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Effect of Initial Collagen Concentration on Fibroblast Mediated Contraction of Collagen Gels* FREE TO VIEW

Yun Kui Zhu, MD; T. Umino, MD; X.D. Liu, MD; H.J. Wang, MD; Debra J. Romberger, MD, FCCP; John R. Spurzem, MD, FCCP; Stephen I. Rennard, MD, FCCP
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*From the Pulmonary and Critical Care Medicine Section, University of Nebraska Medical Center, Omaha, NE.

Correspondence to: Yun Kui Zhu, MD, Pulmonary and Critical Care Medicine Section, Department of Internal Medicine, University of Nebraska Medical Center, 600 South 42nd Street, Omaha, NE 68198-5300.

Chest. 2000;117(5_suppl_1):234S-235S. doi:10.1378/chest.117.5_suppl_1.234S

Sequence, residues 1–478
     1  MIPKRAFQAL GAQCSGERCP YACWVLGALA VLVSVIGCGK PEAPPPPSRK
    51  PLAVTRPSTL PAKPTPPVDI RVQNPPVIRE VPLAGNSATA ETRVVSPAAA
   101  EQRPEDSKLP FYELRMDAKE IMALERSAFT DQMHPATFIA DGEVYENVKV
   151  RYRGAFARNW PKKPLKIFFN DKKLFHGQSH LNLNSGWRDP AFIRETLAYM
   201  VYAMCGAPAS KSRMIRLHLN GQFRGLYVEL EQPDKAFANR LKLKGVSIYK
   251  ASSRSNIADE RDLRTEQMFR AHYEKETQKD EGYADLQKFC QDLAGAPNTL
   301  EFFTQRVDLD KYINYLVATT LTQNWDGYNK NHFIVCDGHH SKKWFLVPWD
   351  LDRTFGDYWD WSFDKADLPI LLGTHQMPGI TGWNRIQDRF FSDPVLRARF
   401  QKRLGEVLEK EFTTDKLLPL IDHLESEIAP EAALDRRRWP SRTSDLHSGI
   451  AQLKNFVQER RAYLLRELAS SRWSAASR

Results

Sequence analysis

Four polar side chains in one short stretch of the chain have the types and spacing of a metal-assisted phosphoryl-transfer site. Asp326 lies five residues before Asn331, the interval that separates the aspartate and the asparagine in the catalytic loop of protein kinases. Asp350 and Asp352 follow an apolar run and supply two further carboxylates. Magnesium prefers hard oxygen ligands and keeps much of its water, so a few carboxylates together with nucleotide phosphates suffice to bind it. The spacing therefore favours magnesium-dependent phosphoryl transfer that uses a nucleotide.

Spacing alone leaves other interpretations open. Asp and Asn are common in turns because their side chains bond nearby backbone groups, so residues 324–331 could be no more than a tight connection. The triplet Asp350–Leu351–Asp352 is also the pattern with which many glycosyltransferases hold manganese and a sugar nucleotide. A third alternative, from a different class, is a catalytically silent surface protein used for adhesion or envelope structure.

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Remodeling of extracellular matrix involves a number of steps, including the recruitment, accumulation, and eventual apoptosis of parenchymal cells and the production, organization, and rearrangement of extracellular matrix produced by these cells. The culture of fibroblasts in three-dimensional gels made of type I collagen has been used as a model of tissue re-arrangement. Specifically, contraction of collagen gels is believed to resemble the contraction that characterizes both wound repair and fibrosis. The current study was designed to determine the effect of initial collagen concentration on the final size of contracting collagen gels and on the final number of fibroblasts present within the gels. Native type I collagen was extracted from rat tail tendons and was used to prepare collagen gels with varying collagen concentrations. Fibroblasts were cast into these gels. Gels prepared with an initial concentration of 0.75 mg/mL contracted more rapidly and to a smaller final size than did gels prepared from 2 mg initial collagen concentration (final size 7.1 vs 36.43% of initial size; p < 0.01). There was no significant degradation of the collagen gel under either condition. Hence, the dramatically increased contraction in the lower density gels resulted in a higher final density (p < 0.01). Cell density was estimated from DNA content. In low-density gels, DNA was significantly less than that in higher density gels (0.73 vs 1.88 μg; p < 0.01). This was accompanied by an increased percentage of apoptotic cells in the low-density collagen gels at day 14 (43.3 vs 34.1; p < 0.05). If the gels were maintained in the attached state, which largely prevents contraction, apoptosis was significantly reduced, suggesting that contraction rather than matrix composition was a requirement for the increased apoptosis. Taken together, these findings indicate that the initial matrix composition can lead to differing outcomes during fibroblast mediated contraction of collagen gels. Such effects may contribute to the altered tissue structures that characterize the lung in COPD.




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